The villa was built in the 1930s by the son of a wealthy businessman, employing Swiss architect's Michel Polak's design. It is not immediately impressive, but it certainly stands out as a prime example of clean Art Deco lines. 
The details reveal themselves slowly throughout the visit...subtle golden painted edges, layers of receding cornices on the ceiling, elegant ironwork on the staircase banister, blue mosaic walls in the bathrooms - signs of a different era.

The pool is the focal point of the whole property, especially from the ground floor, where wrap-around windows bring the towering, green trees inside. 
I couldn't help but think about cornices and windows and the power of simplicity in interiors.

The Villa's entrance
Melancholia - the Greek word for depression, it sounds somehow softer and almost nostalgic in Greek 
 The American Bar on the ground floor - a little dolphin fountain can be seen behind the bar

The Villa's focal point - the perfectly symmetric pool

Second stop. Lunch at Chalet Robinson
 
Lake? Check.
Ferries? Check.
Lunch on an island? Check!
 
Bois de la Cambre

Asparagus Carbonarra, at Chalet Robinson - superb!
"Sailing" across the lake in Bois de la Cambre
 
Right behind Villa Empain's perfectly geometric pool, there is Bois de la Cambre.
 
We walked up through the trees, only to come to this open expansion of water, surrounded by trees and all shades of green. As we walked around the lake, we spotted to small ferries, transporting people to the little island in the middle. We jumped on one and transported ourselves to the fittingly named "Chalet Robinson", a wooden chalet, open for lunch!
 
We hadn't booked, so word to the wise, if you wake up and decide to visit for lunch, do call in advance. Luckily we were told to wait for a bit and managed to get a table on the terrace overlooking the amazing scenery. We grabbed some Aperol Spritzers and lounged in the sunshine till our table was ready. What a treat!

Lunch was pure joy, cold white wine sparked fun conversations and giggling and when the time came to go, I couldn't have asked for a better way to spend one of the hottest days of the year, in the heart of Europe. Thank you my friends for taking such good care of me!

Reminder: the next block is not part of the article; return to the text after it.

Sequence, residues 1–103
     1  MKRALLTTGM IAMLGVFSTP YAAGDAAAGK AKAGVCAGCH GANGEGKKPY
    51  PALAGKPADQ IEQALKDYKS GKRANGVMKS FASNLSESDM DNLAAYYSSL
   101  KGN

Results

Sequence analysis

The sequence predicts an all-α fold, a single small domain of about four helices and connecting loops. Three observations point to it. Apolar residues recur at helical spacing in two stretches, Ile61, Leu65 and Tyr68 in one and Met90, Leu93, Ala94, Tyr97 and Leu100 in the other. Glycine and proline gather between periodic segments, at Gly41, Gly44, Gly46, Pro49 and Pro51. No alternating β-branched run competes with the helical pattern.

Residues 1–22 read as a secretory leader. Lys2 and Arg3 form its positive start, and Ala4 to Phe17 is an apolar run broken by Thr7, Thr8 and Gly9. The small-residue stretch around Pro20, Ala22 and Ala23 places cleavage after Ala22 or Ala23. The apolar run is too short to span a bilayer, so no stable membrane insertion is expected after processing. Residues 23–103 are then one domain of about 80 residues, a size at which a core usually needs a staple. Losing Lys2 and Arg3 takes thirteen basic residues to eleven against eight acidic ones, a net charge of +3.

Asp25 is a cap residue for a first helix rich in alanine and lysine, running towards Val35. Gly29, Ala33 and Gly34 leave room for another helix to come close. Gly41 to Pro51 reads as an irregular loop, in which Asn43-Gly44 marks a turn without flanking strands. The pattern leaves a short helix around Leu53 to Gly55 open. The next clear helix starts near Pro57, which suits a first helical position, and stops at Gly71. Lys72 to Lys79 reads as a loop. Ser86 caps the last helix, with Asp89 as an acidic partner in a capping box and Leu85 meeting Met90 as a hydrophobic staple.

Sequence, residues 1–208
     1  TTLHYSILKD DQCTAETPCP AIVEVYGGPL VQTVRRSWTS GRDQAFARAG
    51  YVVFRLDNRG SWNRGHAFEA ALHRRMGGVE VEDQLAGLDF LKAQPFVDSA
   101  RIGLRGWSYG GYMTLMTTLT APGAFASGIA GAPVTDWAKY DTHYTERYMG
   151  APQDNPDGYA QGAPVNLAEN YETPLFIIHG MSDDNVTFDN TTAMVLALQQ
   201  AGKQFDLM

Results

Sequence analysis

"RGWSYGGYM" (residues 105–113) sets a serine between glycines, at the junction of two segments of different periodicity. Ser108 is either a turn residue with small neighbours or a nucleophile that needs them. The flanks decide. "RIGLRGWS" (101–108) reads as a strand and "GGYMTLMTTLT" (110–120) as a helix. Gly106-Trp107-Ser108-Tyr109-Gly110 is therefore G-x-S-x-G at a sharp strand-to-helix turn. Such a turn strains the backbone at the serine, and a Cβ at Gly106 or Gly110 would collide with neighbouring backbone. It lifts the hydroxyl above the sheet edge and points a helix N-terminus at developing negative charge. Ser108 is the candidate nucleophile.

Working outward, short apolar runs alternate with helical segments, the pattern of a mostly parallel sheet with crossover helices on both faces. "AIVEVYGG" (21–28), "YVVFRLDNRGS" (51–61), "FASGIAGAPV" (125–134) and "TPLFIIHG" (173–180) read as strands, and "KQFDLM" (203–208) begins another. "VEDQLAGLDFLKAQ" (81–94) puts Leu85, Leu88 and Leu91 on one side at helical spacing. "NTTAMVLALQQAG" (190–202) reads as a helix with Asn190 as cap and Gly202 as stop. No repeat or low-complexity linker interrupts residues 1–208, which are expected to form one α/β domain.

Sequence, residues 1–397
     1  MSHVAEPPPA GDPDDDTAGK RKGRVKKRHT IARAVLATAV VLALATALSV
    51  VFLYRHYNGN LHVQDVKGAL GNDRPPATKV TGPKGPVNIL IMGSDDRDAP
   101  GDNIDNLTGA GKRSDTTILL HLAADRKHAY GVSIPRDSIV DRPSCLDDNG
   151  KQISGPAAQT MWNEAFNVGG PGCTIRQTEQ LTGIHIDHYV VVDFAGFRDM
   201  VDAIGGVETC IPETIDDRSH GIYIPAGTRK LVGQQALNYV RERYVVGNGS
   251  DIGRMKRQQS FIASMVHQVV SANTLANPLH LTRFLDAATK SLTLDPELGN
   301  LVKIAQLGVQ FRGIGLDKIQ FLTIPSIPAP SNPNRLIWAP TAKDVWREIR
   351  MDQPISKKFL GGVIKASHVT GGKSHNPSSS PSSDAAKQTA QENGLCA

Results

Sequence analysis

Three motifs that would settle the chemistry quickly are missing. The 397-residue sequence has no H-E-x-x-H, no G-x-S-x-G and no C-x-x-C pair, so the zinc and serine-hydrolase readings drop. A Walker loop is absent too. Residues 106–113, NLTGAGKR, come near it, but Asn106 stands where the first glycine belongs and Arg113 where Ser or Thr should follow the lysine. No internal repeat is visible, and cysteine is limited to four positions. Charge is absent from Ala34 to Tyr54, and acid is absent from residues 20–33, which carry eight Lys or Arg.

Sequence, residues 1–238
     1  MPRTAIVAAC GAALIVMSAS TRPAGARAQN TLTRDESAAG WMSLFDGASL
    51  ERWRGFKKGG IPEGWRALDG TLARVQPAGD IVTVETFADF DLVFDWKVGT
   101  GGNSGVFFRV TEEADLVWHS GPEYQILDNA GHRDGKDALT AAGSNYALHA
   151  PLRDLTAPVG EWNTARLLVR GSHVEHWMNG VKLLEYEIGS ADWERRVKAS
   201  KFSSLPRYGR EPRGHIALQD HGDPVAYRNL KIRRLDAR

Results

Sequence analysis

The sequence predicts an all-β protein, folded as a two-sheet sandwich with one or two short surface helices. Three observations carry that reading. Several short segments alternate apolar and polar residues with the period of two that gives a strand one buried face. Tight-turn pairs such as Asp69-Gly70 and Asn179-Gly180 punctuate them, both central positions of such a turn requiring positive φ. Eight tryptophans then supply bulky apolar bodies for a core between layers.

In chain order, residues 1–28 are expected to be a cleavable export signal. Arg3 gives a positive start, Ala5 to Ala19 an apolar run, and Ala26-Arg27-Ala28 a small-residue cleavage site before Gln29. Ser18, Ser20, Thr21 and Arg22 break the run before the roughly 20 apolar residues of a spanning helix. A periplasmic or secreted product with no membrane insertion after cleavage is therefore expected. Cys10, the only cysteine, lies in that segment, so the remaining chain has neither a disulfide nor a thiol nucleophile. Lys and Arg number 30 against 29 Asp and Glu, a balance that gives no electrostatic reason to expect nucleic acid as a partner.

One of my favourite sunny day past-times  - families and friends around the table
 

The Art of Slow Living - Manoir de Surville, Normandy

http://bit.ly/2GFOTGH

Stopping at the Manoir was a pleasant surprise for us.
We were on our way to the Loire Valley in search of chateaux, good food, butter, wine and ultimately some breathing space, in the countryside. We wanted to break up the trip, but we never thought that this place would make us feel so much at home.

After two hours driving along the Normandy coast, we turned inlands towards Haute Normandy and in the sleepy village of Surville, amongst green fields and old wobbly barns, we turned into the gates of a picture-perfect, Haute Normandie-style barn; the gorgeous Manoir de Surville.
 
The cutest welcome - Cami, the owner, coming out to greet us as we drove in, dragging an old wooden cart for the luggage behind her, with her little daughter in it! Such a heart-warming scene.  

Dusk over Surville, the beginning of a slow-paced, pleasurable evening in the French countryside.
Love the colours and the warm light from the candles in the lounge
The owner's original property on the right, through the window - a traditional Haute Normandie family home - what a dream!
The "honesty bar", equipped with all of the good stuff!

Cami and her husband have converted her family property to a cross between a boutique hotel and an AirBnb, respecting the village's traditional architecture and making sure that guests feel at home. Cami even called us a couple of days before our arrival to check if we needed dinner reservations, inquire about what time we'll be arriving and answer any questions we might have had.
A lovely touch, much appreciated later on in our journey...